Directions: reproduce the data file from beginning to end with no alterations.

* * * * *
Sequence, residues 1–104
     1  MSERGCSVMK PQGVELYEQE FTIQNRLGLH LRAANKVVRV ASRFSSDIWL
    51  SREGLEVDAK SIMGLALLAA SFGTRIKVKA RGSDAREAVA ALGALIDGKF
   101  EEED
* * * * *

Sequence, residues 1–104
     1  MSERGCSVMK PQGVELYEQE FTIQNRLGLH LRAANKVVRV ASRFSSDIWL
    51  SREGLEVDAK SIMGLALLAA SFGTRIKVKA RGSDAREAVA ALGALIDGKF
   101  EEED